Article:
Sometimes on the coldest of days we can experience the most memorable of moments. Today was for me one of them where there just happened to be a number of stories told by others which will be stored away and considered as yet more memories to be cherished in the future. If any have ever visited a eldercare center and noticed how some of the residents are staring out windows and completely oblivious to their surroundings, I’m convinced they’re replaying their newsreels of past experiences. If you’d consider being the only one in a great movie theatre while an old movie is being played and nothing else around you matters in the darkness other than that footage, then you’d likely understand how acutely some memories can be re-played. I remember asking my aged grandmother what she was thinking about while seated out in our solarium and staring into the fields. She was a bit disturbed by me asking as if she’d been taken away from something more interesting while quickly responding to my question, “Nothing!” I felt as though I’d been cut down to my knees by that sharp response, but later realized I’d interrupted some great and wonderful past memory she was re-living.
After that happening, I realized how we must be all the more respectful of elderly people who simply want to be alone with their memories. My grandfather who lived with us some years before he died would also find a comfortable chair in a corner and gaze blankly out a window. He must have had archives of newsreels to be played before his passing due to the numerous hours he spent in his special chair and preferred spot while seated in his “theatre”. Too many believe our elderly must be constantly engaged with the here and now. What if they don’t want to be part of our “now”, but rather in their minds somewhere in their past? This is where elder respect begins.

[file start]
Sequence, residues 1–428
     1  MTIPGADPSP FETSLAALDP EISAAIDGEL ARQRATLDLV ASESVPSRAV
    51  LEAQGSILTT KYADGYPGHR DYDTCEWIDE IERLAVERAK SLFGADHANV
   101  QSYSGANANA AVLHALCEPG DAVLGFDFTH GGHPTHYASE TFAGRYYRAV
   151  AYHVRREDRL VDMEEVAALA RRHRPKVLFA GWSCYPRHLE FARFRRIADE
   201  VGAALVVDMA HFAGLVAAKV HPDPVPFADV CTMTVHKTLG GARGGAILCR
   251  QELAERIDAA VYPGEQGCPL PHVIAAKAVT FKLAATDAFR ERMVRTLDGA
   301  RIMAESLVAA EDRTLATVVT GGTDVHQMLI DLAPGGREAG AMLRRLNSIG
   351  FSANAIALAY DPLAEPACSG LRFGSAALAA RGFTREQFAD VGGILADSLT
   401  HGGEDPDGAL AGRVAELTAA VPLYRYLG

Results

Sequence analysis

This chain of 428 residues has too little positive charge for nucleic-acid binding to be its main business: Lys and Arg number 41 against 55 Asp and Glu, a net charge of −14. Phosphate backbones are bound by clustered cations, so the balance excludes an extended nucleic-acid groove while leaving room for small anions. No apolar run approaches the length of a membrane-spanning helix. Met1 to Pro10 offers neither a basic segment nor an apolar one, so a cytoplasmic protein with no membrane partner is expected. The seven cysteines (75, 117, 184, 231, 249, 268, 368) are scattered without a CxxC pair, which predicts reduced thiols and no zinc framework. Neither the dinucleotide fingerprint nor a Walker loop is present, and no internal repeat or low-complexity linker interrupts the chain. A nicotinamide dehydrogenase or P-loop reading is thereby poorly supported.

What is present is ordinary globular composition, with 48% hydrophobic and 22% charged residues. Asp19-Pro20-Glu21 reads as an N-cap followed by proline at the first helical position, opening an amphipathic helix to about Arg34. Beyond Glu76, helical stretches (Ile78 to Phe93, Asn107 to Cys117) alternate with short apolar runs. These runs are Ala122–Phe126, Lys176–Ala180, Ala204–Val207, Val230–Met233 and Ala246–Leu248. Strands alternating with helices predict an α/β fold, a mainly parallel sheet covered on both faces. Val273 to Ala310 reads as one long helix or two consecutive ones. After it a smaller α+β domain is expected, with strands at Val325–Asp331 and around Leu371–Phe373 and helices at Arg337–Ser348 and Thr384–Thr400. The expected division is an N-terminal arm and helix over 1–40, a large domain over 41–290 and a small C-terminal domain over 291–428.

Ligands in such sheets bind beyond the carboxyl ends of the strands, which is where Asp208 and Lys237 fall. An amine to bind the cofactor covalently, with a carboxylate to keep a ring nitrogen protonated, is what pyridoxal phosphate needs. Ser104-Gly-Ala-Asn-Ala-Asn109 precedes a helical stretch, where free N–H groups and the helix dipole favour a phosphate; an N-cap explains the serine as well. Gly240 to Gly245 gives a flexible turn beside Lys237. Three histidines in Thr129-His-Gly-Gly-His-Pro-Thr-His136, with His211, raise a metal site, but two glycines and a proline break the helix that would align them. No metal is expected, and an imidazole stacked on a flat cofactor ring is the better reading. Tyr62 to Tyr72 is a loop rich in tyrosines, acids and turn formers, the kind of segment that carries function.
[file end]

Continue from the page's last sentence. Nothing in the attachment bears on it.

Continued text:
My first cherished memory was in receiving a text from a longtime client/customer who was reflecting on the anniversary of a loved one’s death by saying, “I think of the great love as well as sorrows.” I responded by saying, “All beautiful roses still have their thorns.” I’m convinced people now believe long term relationships non-existent due to the unwillingness to deal with a few pricks from thorns that appear once in a while.
My second cherished memory was when a clerk in a store happened to engage me in conversation and started talking about her return to Mason City to take care of her parents. I said, “Do you miss being in the Dallas area?” She said, “Yes, and no. I miss all the things to do in Dallas, but I’m beginning to like Mason City because it’s got a slower pace and fewer people to where I can actually go somewhere near and be alone with nature.”
My third cherished memory was when someone arrived at my open house today and began speaking about how they wished they’d never sold their smaller well built home like the one I was hosting. The wife said, “As we’ve grown older, we’ve found our home too big for us. We have rooms that we don’t even enter for days at a time.” I said, “I’m finding it becoming more mainstream where buyers are insisting on less square footage but more quality.” She became a bit teary-eyed while looking around at the home’s quality.
My fourth and final cherish memory was yet another person who arrived at the home and after a while we started talking about vehicles. He’s a restorer of many things including vehicles. We had an exceptionally good chat about old cars including the amounts of money some people pay for them. Having owned an old vehicle in my youth, I understood the concept of people paying great prices for vintage autos. My take on it is there are many who believe owning something from their youth gives them real-life connections to past years which they hold more dearly.
In speaking about these cherished memories, I remembered a song I’d heard some years ago which speaks about relationship and happiness. With that in mind, I’m sharing with you that song which you can hear by clicking the above. Stay warm and safe during these cold winter days.